IRS rewards Equifax with multi-million dollar fraud-prevention contract after massive data breach

The breach exposed the personal data of more than 145 million Americans.

Richard F. Smith, former chairman and CEO of Equifax. CREDIT: AP Photo/Carolyn Kaster
Richard F. Smith, former chairman and CEO of Equifax. CREDIT: AP Photo/Carolyn Kaster

Credit monitoring firm Equifax has been awarded a $7.25 million no-bid contract to help prevent fraud, despite the fact that the company is reeling from a security breach that exposed the personal data of more than 145 million Americans.

The breach, which was discovered in July but not made public until September, is believed to be one of the largest identity thefts in American history. Credit card numbers, names, addresses, driver’s license and Social Security numbers were all exposed, enabling hackers to buy and sell the information over the internet for years to come.

But despite this massive cyber-security lapse, the Internal Revenue Service (IRS) still awarded the company a multi-million dollar contract on September 30 — the last day of the fiscal year — to “verify taxpayer identity and to assist in ongoing identity verification and validation needs of the Service,” Politico reported Tuesday.

The contract was described as a “sole source order,” meaning Equifax was the only company capable of providing the service, according to Politico. “This is considered a critical service that cannot lapse,” the contract added.


In wake of the data breach fiasco, Equifax offered free identity theft services to those who’d been affected by the hack — but those people had to agree not to participate in class-action arbitration later on. The identity service’s Terms of Use explicitly states that its customers are banned from entering “any arbitration on a class or representative basis.”

The company is also facing scrutiny after revelations emerged that senior executives had sold off nearly $2 million worth of stock just days after the company discovered the data breach, but more than a month before the hack was revealed to the general public. A spokeswoman for Equifax said that the three executives who sold the shares had “no knowledge that an intrusion occurred” when they sold the stock. But earlier in September, the Justice Department announced a criminal investigation to discover whether or not the top executives violated insider trading laws.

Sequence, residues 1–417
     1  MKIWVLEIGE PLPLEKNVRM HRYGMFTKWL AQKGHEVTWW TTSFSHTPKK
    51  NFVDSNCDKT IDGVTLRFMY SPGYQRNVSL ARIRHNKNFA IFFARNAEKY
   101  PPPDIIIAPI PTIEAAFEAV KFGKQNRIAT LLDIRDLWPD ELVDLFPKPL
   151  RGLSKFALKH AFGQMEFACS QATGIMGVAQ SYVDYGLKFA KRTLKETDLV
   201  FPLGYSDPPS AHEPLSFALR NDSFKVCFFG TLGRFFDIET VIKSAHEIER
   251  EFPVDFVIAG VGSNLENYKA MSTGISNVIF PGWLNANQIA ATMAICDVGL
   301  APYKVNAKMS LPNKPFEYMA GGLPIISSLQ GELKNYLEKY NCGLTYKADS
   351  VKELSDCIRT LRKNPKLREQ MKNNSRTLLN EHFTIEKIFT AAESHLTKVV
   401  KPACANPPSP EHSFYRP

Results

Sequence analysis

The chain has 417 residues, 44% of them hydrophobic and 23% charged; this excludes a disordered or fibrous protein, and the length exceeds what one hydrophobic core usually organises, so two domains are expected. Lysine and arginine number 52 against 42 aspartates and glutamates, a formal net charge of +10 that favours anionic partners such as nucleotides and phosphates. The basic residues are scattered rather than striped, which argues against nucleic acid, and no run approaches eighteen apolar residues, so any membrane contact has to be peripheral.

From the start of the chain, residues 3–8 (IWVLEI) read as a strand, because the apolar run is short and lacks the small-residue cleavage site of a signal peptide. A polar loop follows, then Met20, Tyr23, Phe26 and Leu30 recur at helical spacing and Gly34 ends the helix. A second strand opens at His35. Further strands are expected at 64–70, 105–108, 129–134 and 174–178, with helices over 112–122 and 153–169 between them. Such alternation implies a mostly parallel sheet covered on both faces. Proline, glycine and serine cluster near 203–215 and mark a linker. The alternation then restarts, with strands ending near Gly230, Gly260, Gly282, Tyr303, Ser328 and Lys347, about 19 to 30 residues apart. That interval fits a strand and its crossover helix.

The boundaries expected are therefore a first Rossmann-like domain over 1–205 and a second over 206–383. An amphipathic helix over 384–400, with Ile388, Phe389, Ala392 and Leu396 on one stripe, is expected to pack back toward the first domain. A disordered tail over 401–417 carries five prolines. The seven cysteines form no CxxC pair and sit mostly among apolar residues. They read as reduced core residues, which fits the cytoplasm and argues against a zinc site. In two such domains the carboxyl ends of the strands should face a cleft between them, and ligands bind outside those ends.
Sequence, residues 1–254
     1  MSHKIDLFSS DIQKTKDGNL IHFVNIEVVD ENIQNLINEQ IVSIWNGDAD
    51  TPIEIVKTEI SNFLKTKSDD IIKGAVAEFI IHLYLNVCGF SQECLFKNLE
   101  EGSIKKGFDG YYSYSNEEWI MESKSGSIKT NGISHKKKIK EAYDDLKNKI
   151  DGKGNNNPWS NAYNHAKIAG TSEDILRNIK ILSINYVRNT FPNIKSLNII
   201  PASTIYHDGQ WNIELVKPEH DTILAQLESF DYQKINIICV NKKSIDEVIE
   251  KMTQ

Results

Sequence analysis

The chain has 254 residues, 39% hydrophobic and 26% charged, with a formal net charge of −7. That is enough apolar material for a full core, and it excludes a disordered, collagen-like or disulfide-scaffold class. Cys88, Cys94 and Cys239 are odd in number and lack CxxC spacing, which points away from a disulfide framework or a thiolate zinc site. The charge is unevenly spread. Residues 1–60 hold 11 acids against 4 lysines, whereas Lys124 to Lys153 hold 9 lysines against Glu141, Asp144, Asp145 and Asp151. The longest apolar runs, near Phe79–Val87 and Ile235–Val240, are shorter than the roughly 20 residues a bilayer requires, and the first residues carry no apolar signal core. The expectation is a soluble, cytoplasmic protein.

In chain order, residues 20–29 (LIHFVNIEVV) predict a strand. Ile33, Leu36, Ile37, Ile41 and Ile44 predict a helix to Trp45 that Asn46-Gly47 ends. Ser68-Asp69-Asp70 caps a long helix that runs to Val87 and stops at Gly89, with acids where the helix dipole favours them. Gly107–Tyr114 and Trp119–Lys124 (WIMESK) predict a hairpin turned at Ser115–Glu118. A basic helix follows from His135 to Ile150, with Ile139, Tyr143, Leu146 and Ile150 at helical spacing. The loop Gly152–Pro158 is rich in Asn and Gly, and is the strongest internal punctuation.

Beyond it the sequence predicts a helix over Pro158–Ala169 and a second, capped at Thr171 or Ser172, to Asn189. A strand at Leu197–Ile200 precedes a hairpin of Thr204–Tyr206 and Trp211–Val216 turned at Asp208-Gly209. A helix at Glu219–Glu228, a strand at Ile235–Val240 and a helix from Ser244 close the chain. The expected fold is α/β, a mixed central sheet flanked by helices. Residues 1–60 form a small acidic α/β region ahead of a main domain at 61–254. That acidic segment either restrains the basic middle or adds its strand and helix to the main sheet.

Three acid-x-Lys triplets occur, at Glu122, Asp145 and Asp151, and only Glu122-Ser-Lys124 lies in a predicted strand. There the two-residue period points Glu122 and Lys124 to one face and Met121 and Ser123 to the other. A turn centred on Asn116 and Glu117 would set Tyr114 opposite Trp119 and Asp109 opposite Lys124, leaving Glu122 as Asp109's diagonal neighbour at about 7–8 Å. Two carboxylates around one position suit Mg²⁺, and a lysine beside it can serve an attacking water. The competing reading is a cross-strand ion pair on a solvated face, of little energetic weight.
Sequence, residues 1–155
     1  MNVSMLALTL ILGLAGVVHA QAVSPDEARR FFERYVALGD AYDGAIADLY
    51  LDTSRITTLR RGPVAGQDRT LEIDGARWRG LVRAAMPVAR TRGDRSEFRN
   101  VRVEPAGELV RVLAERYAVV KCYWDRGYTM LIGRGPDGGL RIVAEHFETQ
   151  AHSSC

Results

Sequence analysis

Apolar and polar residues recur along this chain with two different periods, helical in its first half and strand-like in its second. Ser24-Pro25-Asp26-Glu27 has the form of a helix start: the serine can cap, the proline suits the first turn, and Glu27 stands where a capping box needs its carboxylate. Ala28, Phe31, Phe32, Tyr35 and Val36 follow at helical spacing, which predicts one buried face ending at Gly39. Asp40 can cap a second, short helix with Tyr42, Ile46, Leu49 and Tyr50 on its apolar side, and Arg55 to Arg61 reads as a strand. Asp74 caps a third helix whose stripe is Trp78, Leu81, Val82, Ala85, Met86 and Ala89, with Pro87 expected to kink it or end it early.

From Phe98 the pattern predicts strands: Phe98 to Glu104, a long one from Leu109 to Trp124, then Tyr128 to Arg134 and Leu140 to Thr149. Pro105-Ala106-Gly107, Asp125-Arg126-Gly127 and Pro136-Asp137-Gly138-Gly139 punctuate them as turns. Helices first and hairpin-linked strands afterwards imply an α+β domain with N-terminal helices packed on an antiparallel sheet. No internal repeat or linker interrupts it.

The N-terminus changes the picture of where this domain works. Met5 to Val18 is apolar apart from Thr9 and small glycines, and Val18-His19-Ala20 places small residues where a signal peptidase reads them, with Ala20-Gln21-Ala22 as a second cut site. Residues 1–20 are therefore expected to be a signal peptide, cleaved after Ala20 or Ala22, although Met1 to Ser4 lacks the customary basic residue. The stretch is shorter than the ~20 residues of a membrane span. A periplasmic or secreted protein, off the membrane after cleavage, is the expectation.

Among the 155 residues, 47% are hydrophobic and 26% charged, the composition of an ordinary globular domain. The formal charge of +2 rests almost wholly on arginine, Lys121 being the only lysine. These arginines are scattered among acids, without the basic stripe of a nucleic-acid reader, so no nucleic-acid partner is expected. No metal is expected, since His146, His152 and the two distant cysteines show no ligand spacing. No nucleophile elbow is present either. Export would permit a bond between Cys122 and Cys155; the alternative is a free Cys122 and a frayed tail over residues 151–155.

On Tuesday Equifax CEO Richard Smith, who was forced to resign because of public furor over the hack, was subject to an intense scrutiny by lawmakers on Capitol Hill — the first in a series of four public hearings.

“It’s like the guards at Fort Knox forgot to lock the doors,” Rep. Greg Walden (R-OR) told Smith during the hearing, adding that he openly wondered if the company had protocols to deal with data breaches. “How does this happen when so much is at stake?” Walden said. “I don’t think we can pass a law that fixes stupid.”

Smith testified that the hack was due to one person’s oversight. “The human error was that the individual who’s responsible for communicating in the organization to apply the [security] patch did not,” he told the committee. He also maintained that the three executives who sold the stock were “men of integrity” and that he had no indication they were aware of the breach when they sold their shares.

But lawmakers did thank Smith for helping to create a rare moment of bipartisanship on Capitol Hill.

“Mr. Smith, it seems to me that you’ve accomplished something that no one else has been able to accomplish, Rep. Anna Eshoo (D-CA) said. “That is you have brought Republicans and Democrats together in outrage and distress and frustration over what’s happened because this is huge.”